What makes a film noir? A world-weary detective, a mysterious woman, and organised crime can all play a part. Some might swear that it’s all about a deep sense of disillusionment, or cool jazz, or even wearing hats.
But perhaps in its modern form it’s more of a feeling, a tangible awareness of light and dark and how that’s shown on screen. It occurs to me that another reason crime and science fiction fit together so well is because neither are strict in their definitions; steal a little bit from one and something else from the other, mix them together, and you’ll end up with something that contains familiar elements and yet is able to make new statements, and ask new questions, that resonate for the next generation of genre audiences.
It’s interesting how some of those elements translate so easily to science fiction while other aspects raise an entirely new set of questions.
For instance, back in the film noirs of the 1940s and 50s it would have been inconceivable for our hero not to smoke. Look at the thick smoke hanging in the light from the projector in Billy Wilder’s Sunset Boulevard (1950) or the silhouette of Robert Mitchum, the cigarette smoke rising up and out of the French windows, in Jacques Tourneur’s Out Of the Past (1947) – it was often used as an excuse for intimacy between lovers, the camera closing in on the lips, or to bring movement to a still frame. Great directors used it as a language of its own, and it must be really difficult to decide to not use that language, as a contemporary director, if you’re making a film that deliberately uses noir elements.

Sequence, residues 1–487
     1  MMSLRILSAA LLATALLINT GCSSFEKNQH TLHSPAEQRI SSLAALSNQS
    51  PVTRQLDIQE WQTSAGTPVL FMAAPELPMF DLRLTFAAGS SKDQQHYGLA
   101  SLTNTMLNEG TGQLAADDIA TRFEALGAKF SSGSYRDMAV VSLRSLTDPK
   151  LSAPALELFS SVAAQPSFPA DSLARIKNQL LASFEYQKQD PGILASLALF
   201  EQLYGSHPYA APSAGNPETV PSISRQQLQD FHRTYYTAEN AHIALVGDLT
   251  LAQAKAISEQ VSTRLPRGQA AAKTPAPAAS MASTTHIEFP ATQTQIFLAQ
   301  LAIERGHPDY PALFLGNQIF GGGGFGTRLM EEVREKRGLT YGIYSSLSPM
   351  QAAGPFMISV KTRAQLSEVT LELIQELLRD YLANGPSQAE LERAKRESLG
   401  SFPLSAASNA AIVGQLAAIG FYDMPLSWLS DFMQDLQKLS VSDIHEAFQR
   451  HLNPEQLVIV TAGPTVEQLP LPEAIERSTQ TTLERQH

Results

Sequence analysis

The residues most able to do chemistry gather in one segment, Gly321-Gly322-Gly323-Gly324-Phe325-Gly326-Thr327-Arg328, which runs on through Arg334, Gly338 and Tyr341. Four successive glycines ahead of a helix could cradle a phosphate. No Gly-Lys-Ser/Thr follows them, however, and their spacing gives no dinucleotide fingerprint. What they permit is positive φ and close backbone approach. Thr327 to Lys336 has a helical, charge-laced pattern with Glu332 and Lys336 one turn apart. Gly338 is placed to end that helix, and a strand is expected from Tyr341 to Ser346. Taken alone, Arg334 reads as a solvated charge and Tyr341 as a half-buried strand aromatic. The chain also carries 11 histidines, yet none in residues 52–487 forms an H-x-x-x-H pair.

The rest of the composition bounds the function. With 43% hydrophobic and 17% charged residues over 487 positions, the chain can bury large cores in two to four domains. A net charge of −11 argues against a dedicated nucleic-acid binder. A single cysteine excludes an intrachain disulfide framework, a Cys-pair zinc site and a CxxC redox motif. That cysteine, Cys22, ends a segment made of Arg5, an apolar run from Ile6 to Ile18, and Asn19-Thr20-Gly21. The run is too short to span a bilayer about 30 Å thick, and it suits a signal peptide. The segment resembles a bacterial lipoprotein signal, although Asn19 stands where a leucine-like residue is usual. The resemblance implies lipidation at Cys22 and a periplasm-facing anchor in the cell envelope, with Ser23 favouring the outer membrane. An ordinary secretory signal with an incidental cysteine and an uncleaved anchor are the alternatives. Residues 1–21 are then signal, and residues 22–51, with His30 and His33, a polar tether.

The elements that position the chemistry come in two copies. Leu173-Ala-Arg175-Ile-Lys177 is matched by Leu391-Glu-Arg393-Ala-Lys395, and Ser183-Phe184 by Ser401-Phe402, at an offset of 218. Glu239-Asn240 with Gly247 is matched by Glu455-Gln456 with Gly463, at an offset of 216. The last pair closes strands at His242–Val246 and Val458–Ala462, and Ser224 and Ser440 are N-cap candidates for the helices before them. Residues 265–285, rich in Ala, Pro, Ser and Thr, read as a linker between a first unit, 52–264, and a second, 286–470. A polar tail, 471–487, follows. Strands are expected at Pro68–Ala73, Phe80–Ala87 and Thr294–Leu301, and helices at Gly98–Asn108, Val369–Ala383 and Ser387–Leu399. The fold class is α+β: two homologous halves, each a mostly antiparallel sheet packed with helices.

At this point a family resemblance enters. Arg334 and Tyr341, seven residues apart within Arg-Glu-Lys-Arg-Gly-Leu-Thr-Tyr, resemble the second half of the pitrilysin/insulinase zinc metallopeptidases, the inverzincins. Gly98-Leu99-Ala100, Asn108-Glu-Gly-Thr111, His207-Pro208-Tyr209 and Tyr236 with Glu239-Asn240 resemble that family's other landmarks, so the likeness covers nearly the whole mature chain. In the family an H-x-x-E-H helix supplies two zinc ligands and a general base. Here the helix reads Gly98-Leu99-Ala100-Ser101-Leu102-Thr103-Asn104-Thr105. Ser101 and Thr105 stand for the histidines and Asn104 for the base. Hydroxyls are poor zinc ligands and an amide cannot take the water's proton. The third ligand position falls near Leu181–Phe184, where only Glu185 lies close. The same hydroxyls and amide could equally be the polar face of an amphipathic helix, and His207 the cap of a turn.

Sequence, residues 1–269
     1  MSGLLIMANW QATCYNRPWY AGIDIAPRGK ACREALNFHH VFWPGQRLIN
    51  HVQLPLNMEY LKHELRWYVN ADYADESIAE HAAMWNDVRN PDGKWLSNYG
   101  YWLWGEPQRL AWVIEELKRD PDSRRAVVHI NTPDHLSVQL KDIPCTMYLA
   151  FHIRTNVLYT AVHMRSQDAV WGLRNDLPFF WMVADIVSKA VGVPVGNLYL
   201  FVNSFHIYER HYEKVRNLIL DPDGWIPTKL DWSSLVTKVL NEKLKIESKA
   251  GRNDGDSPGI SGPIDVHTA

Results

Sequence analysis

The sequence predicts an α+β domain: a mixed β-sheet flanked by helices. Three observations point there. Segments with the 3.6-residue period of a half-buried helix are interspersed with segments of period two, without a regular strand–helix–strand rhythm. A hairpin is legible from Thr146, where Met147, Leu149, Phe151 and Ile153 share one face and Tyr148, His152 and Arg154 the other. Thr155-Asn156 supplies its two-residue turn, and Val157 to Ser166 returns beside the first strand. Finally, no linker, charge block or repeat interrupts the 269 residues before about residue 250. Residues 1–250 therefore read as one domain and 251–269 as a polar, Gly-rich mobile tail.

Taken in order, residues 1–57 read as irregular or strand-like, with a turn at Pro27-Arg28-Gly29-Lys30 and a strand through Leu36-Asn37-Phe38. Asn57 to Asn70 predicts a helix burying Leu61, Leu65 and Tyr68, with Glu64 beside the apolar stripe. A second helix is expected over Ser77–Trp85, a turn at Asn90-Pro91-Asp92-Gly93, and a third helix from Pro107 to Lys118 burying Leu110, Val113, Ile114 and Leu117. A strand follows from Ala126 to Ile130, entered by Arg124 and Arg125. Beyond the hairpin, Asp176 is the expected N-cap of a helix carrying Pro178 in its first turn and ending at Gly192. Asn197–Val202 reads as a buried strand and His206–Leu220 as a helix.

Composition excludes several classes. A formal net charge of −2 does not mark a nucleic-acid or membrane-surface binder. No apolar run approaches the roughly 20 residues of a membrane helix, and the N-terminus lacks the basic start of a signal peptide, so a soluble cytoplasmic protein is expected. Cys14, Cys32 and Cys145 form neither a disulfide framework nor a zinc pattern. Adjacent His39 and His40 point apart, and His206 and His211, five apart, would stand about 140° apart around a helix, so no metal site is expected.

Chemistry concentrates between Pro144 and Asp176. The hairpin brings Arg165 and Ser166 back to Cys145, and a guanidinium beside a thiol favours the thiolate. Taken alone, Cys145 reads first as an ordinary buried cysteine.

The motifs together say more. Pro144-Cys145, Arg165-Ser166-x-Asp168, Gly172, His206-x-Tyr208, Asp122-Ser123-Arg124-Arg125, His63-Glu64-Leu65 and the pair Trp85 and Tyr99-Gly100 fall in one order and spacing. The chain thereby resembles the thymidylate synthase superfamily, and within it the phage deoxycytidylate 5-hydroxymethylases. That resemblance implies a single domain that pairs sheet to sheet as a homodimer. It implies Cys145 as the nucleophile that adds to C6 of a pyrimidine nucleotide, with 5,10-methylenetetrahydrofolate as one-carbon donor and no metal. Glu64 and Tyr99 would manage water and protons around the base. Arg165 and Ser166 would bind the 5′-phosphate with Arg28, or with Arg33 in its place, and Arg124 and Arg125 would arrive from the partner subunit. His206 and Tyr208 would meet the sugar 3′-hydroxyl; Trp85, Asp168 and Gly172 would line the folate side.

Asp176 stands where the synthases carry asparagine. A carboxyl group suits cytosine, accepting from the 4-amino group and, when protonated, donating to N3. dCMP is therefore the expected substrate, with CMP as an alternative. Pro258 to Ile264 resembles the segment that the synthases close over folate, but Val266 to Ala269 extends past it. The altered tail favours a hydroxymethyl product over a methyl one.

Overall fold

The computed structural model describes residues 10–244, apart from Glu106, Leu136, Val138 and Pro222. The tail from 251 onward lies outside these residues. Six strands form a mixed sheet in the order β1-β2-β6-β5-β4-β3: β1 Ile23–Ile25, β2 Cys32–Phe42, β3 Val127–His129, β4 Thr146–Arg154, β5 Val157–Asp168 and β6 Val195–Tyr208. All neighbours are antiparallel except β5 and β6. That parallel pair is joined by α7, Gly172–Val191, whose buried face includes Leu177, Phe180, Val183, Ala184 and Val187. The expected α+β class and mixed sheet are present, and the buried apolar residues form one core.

Cigarettes also get a lot of screen love in a different genre that paid homage to film noir: the French New Wave. These movies of the late 1950s/1960s often featured all the classic elements of noir, but science fiction was rarely an inspiration – except in the case of Alphaville (1965). Directed by Jean-Luc Godard, it told the tale of Lemmy Caution, a secret agent wearing a hat and a trenchcoat, trying to destroy a city-controlling super-computer.
Does he smoke nonchalantly while carrying out his mission? Of course he does. Lemmy Caution is a character who belongs to the past; he usually appeared in detective novels and films, drinking and smoking heavily while solving cases set in the mid-twentieth century. His transportation wholesale, with all of his addictions in tow, to a dystopian city of the future makes for a fascinating change.
The further we go into the future, the more smoking comes with its own set of complications for the modern audience. We know things about it that a 1940s audience did not, and that has soured our relationship with the screen cigarette. This leaves tough choices for writers and directors who are fans of noir. To smoke, or not to smoke? If a story is set on a recognisable version of Earth then it either has to let the detective protagonist smoke with the dated freedom of Lemmy Caution, or use our current complex relationship with the cigarette. The Fifth Element (1997), Luc Besson’s vivid space adventure, features Bruce Willis as a monosyllabic hard-boiled ex-Special Forces taxi driver who smokes, naturally. But in this cramped, packaged future only four cigarettes are allowed per day; a little machine on the wall dispenses the rations. It’s a great detail in a visually exciting film.